The mythic transformation of Adair in David Malouf's The conversations at Curlow Creek
Kotzas, Helene (2000) The mythic transformation of Adair in David Malouf's The conversations at Curlow Creek. LiNQ, 27 (2). pp. 13-21.
|PDF (Published Version) - Repository staff only - Requires a PDF viewer such as GSview, Xpdf or Adobe Acrobat Reader|
View at Publisher Website: http://search.informit.com.au/documentSu...
[Extract] In The Conversations at Curlow Creek (1996) Malouf plots the transformation of Michael Adair, a product of European Enlightenment values, into the legendary character O'Dare, a figure of early Nineteenth-Century Australian mythology. Malouf's ambiguous Epilogue, which describes the completion of this metamorphosis, is offered as the only credible conclusion to a narrative tracing the effect of the alien Australian landscape on an emerging colonial consciousness. Malouf initially presents the soldier Adair, and Carney, the prisoner he has been sent to execute, as antithetical, and then gradually pares down their dissimilarities, progressively removing Adair's perception of himself as superior in education and rank to the rest of those he meets. Carney is the catalyst for these changes in Adair, and although, like Adair, he is a native Irishman, he becomes a symbol of Australia, and all that Adair's education in Enlightenment values fears: the rugged, the dangerous, the uneducated, a projection of the noble savage. In the early pages, Malouf establishes an Apollonian/Dionysian division between these two characters, a division which is mirrored in the minor characters of Longhurst and Garrety, who both complicate and complement the opposition. The imminent death of Carney prompts self-reflection in most of those at Curlow Creek. but in none so much as Adair, who grows not only to realise his similarities to the condemned man, but also what it is he is looking for in Australia. In the Epilogue, Malouf shows both Adair's Internal transformation, and the public transformation of "his" story into a potent colonial myth of escape from death into freedom.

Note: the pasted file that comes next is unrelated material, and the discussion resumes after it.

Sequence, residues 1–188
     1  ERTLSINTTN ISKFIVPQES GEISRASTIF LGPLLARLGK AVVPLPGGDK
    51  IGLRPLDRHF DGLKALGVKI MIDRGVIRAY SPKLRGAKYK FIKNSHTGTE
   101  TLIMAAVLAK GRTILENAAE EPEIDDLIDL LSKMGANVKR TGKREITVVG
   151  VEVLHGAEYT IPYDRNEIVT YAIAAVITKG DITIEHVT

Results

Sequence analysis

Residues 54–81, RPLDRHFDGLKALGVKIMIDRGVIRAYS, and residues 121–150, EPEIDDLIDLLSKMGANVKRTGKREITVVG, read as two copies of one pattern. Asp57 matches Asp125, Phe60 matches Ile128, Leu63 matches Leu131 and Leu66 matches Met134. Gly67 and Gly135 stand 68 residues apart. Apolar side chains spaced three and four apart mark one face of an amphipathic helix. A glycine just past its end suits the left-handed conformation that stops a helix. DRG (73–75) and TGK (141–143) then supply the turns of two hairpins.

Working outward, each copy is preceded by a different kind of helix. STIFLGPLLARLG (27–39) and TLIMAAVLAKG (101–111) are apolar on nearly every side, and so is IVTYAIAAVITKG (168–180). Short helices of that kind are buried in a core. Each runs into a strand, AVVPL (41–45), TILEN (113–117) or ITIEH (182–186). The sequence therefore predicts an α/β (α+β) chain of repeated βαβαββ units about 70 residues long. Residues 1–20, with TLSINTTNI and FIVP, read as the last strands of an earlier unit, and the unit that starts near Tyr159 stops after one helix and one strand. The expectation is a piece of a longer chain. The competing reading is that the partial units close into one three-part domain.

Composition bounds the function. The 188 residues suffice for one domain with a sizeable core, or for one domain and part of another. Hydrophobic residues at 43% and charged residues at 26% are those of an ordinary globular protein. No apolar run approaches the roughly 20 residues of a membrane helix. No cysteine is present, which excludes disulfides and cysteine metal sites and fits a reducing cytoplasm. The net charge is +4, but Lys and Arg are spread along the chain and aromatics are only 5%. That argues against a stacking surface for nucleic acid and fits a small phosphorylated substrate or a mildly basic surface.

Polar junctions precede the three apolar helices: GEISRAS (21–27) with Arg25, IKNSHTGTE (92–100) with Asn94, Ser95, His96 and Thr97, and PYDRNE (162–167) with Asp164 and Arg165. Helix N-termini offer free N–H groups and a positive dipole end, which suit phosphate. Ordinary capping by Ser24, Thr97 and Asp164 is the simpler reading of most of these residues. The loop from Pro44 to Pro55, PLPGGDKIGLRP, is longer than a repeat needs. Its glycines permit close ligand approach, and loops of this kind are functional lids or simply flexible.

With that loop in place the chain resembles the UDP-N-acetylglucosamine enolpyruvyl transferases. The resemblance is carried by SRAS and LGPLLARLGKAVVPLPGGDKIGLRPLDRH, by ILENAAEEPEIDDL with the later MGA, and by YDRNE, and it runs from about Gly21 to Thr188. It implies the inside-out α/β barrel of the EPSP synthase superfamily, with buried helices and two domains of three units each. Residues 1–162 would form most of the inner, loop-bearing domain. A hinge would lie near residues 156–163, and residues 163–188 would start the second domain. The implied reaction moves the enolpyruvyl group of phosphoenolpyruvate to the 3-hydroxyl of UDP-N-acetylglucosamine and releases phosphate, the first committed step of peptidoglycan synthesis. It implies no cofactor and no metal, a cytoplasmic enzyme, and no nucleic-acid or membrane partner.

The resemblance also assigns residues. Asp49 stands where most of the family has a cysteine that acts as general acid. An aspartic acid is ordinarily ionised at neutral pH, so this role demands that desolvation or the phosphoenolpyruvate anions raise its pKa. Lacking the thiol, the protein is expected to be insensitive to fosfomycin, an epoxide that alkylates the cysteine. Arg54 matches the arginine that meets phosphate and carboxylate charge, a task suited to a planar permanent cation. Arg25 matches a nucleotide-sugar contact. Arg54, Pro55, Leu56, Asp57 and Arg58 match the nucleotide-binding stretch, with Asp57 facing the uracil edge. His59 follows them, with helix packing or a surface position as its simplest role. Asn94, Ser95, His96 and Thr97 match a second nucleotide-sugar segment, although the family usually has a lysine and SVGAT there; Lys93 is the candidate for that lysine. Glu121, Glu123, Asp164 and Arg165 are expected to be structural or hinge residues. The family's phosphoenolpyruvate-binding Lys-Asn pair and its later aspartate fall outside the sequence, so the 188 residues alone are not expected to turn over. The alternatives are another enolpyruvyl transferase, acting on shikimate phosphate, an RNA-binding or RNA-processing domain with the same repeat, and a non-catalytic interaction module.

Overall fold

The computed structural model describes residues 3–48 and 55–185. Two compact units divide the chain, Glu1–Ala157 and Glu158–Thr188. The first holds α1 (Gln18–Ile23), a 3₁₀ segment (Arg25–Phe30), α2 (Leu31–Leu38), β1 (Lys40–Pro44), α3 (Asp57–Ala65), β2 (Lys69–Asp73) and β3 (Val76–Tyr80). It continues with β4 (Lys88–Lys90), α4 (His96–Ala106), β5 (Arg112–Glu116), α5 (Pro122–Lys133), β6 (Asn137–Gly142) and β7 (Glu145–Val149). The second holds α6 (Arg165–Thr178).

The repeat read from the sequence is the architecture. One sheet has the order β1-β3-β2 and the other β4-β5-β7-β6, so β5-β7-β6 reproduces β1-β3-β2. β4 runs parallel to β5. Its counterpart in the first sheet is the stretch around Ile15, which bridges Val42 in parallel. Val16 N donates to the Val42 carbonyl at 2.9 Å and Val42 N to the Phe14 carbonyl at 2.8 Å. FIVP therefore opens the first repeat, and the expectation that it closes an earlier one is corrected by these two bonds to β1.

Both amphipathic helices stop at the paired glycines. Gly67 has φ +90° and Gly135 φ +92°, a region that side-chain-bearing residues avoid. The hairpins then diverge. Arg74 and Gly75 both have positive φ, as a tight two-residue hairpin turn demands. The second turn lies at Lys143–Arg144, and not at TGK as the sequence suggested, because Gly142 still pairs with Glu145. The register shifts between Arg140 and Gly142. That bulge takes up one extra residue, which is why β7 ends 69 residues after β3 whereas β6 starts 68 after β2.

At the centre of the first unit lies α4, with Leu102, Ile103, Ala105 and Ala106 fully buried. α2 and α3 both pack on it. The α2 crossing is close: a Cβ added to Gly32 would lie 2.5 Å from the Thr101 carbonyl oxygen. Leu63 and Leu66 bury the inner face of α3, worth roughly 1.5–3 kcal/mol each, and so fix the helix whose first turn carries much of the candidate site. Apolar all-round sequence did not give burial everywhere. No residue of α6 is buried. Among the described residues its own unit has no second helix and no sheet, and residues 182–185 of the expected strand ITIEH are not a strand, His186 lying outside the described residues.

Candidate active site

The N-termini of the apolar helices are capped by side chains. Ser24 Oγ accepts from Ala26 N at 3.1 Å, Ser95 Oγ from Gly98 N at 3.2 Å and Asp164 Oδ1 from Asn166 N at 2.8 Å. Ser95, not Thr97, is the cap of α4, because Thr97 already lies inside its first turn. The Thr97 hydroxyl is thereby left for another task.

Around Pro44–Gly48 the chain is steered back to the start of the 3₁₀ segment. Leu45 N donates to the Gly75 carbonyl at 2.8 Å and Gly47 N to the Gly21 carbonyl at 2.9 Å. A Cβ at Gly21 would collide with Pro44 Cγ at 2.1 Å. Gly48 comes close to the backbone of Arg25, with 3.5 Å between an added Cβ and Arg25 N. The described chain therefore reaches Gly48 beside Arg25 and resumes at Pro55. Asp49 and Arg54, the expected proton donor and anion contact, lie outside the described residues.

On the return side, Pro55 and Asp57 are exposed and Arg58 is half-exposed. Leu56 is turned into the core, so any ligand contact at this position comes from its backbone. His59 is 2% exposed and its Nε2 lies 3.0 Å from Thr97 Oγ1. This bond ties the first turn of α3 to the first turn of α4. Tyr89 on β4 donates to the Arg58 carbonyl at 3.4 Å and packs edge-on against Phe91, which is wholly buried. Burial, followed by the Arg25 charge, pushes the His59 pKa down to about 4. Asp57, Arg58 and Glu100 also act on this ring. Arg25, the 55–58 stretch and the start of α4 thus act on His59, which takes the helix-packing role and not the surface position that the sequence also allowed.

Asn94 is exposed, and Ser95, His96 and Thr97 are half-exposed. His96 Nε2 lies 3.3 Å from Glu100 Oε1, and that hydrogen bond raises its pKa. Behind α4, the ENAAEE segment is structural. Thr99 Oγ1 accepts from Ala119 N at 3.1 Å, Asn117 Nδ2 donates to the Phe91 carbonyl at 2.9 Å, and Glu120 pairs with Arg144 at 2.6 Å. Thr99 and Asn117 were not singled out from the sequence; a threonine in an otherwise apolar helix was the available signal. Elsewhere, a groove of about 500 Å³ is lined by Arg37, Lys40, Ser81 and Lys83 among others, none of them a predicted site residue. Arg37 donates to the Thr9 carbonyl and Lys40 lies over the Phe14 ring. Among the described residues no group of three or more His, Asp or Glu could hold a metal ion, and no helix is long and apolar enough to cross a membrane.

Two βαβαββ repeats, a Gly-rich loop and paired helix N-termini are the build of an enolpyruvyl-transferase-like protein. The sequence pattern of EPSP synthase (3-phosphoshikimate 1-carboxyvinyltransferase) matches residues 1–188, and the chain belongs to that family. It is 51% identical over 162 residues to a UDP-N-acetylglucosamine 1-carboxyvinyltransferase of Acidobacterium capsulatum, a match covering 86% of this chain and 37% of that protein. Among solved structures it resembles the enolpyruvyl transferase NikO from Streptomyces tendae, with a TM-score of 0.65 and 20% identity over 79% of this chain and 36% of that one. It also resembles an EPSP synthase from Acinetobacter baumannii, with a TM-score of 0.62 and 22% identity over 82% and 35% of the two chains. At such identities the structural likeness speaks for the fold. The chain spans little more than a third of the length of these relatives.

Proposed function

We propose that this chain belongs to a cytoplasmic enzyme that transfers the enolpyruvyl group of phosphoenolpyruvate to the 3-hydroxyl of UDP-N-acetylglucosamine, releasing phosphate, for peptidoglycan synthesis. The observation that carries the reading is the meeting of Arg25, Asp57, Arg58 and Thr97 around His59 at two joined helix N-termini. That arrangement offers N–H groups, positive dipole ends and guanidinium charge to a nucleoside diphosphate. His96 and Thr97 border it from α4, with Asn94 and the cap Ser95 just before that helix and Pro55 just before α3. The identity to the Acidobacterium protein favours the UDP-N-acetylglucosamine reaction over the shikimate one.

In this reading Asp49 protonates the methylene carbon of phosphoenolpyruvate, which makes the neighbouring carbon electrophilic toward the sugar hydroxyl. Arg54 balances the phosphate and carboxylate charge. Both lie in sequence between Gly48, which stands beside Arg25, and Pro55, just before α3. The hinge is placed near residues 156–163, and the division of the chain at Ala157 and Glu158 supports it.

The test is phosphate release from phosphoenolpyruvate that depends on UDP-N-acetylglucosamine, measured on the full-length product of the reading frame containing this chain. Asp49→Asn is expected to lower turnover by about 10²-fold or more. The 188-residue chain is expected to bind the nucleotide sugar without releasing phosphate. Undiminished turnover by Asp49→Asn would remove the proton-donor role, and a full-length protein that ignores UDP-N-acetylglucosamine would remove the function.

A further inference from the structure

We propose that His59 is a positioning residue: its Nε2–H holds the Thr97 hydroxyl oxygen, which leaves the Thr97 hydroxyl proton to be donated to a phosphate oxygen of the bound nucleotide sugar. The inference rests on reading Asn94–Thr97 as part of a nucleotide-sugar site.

|Item Type:||Article (Refereed Research - C1)|
|Keywords:||literary history; Malouf|
|FoR Codes:||20 LANGUAGE, COMMUNICATION AND CULTURE > 2005 Literary Studies > 200599 Literary Studies not elsewhere classified @ 100%|
|SEO Codes:||97 EXPANDING KNOWLEDGE > 970116 Expanding Knowledge through Studies of Human Society @ 100%|
|Deposited On:||07 Jan 2011 10:52|
|Last Modified:||12 Feb 2011 03:54|
Last 12 Months: 0
Repository Staff Only: item control page